Giuliani was discovered cheating on his wife, but no or few Republican
calls for resignations were heard.
Why the attack now?
Spitzer had become increasingly public in his blaming the Bush
Administration for the nation's current financial and economic disaster.
He testified in Washington in mid-February before the US House of
Representatives Financial Services subcommittee on the problems in New
York-based specialized insurance companies, known as "monoline" insurers.
In a national CNBC TV interview the same day, he laid blame for the crisis
and its broader economic fallout on the Bush Administration.
Spitzer recalled that several years ago the US Office of the Comptroller
of the Currency went to court and blocked New York State efforts to
investigate the mortgage activities of national banks. Spitzer argued the
OCC did not put a stop to questionable loan marketing practices or uphold
higher underwriting standards.
"This could have been avoided if the OCC had done its job," Spitzer said
in the interview. "The OCC did nothing. The Bush Administration let the
housing bubble inflate and now that it's deflating we're dealing with the
consequences. The real failure, the genesis, the germ that has spread was
the subprime scandal," Spitzer said. Fraudulent marketing and very low
"teaser" mortgage rates that later ballooned higher, were practices that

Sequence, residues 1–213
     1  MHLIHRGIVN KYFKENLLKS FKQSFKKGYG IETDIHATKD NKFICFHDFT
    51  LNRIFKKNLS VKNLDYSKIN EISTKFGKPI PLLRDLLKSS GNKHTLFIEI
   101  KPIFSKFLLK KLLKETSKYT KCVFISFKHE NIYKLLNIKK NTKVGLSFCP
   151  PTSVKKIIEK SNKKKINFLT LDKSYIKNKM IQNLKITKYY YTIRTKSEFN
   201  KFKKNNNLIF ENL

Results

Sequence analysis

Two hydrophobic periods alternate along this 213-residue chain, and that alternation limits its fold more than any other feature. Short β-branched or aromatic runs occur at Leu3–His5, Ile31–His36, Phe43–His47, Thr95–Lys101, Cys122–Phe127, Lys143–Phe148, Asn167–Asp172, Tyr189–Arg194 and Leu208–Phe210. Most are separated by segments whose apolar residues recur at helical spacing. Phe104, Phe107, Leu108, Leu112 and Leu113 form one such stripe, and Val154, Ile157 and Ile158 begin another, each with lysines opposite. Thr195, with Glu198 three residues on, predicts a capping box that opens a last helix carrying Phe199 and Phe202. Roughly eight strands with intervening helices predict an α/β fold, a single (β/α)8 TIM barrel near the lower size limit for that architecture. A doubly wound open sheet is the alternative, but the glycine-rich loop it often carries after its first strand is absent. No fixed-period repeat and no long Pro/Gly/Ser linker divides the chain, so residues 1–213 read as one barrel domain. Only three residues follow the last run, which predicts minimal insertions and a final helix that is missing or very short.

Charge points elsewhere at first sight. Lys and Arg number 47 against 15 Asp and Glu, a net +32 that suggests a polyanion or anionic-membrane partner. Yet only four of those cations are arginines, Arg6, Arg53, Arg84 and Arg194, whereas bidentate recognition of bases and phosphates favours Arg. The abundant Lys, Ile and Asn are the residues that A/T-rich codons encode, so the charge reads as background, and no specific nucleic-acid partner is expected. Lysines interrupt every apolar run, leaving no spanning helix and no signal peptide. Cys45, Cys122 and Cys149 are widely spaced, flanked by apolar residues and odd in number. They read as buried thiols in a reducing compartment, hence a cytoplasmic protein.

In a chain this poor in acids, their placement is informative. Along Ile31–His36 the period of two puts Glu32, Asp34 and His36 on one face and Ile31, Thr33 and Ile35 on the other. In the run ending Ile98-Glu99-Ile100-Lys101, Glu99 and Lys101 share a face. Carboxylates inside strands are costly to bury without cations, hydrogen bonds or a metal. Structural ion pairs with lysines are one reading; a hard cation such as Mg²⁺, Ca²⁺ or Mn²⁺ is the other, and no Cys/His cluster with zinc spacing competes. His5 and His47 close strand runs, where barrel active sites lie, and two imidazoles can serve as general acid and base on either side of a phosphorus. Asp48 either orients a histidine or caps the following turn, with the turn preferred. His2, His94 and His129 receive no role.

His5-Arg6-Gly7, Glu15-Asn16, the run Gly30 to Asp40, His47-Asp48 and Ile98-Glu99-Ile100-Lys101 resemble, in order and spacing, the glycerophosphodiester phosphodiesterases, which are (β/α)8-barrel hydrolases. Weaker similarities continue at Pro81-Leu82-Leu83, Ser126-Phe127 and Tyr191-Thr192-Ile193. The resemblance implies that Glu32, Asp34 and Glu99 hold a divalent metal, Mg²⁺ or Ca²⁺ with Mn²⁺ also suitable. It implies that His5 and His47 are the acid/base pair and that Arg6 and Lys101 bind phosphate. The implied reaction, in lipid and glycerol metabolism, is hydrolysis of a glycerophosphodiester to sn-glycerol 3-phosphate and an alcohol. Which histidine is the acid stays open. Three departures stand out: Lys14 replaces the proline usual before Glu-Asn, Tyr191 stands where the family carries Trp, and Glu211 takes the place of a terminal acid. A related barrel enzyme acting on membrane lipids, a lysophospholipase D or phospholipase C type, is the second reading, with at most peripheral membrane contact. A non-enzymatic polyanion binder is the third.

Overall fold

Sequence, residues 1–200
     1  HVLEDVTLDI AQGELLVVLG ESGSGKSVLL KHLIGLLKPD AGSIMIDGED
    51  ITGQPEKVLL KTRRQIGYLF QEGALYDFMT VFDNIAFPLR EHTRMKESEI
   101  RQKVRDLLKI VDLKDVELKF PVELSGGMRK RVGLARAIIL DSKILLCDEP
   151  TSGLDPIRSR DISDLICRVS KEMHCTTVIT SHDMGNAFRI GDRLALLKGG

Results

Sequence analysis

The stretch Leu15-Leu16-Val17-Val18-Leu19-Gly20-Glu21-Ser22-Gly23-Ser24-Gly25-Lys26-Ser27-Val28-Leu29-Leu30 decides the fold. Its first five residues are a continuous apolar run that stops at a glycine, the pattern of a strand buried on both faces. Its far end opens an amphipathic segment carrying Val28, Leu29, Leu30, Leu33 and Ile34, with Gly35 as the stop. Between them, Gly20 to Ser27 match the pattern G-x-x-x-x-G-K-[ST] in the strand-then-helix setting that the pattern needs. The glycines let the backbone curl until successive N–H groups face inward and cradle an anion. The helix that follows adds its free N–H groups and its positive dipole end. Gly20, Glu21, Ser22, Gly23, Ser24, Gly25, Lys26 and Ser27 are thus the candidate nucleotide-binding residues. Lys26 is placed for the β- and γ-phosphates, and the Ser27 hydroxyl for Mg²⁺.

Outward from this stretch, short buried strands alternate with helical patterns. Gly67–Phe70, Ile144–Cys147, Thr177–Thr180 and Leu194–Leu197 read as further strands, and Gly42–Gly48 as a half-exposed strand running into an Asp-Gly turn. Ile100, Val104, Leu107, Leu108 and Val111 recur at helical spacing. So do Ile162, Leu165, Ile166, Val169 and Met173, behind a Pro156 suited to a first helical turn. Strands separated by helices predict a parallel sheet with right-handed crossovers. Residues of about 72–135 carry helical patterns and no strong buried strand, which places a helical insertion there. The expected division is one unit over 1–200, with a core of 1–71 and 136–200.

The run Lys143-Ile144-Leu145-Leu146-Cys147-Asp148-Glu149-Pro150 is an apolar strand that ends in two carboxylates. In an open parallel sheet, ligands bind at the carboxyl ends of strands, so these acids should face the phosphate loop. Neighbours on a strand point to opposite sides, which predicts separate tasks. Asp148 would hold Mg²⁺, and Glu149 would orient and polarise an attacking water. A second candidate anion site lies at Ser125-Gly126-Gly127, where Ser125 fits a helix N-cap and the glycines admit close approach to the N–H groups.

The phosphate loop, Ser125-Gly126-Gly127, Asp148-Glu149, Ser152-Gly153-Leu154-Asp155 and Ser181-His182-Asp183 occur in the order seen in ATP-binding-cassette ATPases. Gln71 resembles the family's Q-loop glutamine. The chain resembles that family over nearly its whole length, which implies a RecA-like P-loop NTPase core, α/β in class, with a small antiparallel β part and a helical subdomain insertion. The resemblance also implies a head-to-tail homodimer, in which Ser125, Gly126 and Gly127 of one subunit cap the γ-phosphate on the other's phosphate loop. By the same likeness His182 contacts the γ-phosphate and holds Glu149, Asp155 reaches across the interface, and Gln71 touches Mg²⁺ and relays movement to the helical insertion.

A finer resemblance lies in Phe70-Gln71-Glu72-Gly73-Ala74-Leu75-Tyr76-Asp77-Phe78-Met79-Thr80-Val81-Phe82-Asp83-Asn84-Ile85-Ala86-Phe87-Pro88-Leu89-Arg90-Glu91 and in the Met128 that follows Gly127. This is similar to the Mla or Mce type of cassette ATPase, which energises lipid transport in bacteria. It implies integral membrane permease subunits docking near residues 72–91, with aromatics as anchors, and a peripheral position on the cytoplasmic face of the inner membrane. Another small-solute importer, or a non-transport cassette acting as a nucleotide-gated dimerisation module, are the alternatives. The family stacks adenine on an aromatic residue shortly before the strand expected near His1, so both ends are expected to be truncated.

should have been stopped, he argued. "When mortgages are being marketed,
there is a marketplace obligation to ensure the borrower can afford to pay
back the debt," he said.
That TV interview was only one instance of Spitzer laying blame on the
Bush Republicans. On February 14, Spitzer published a signed article in
the influential Washington Post titled, "Predatory Lenders' Partner in
Crime: How the Bush Administration Stopped the States From Stepping In to
That article, laying clear blame on the Administration for the development
of the sub-prime crisis, appeared the day after his ill-fated tryst with
the prostitute at the Mayflower Hotel. Just a coincidence? Spitzer wrote,
""In 2003, during the height of the predatory lending crisis, the OCC
invoked a clause from the 1863 National Bank Act pre-empting all state
predatory lending laws, thereby rendering them inoperative. The OCC also
promulgated new rules that prevented states from enforcing any of their
own consumer protection laws against national banks."
In his article Spitzer charged, "Not only did the Bush administration do
nothing to protect consumers, it embarked on an aggressive and
unprecedented campaign to prevent states from protecting their residents
from the very problems to which he federal government was turning a blind
eye." Bush, said Spitzer right in the headline, was the "Predator Lenders'
Partner in Crime." The President, said Spitzer, was a fugitive from
justice. And Spitzer was in Washington to launch a campaign to take on the
Bush regime and the biggest financial powers on the planet. Spitzer wrote,
"When history tells the story of the sub-prime lending crisis and recounts
its devastating effects on the lives of so many innocent homeowners the
Bush administration will not be judged favourably."
With that article, some Washington insiders believe, Spitzer signed his
own political death warrant.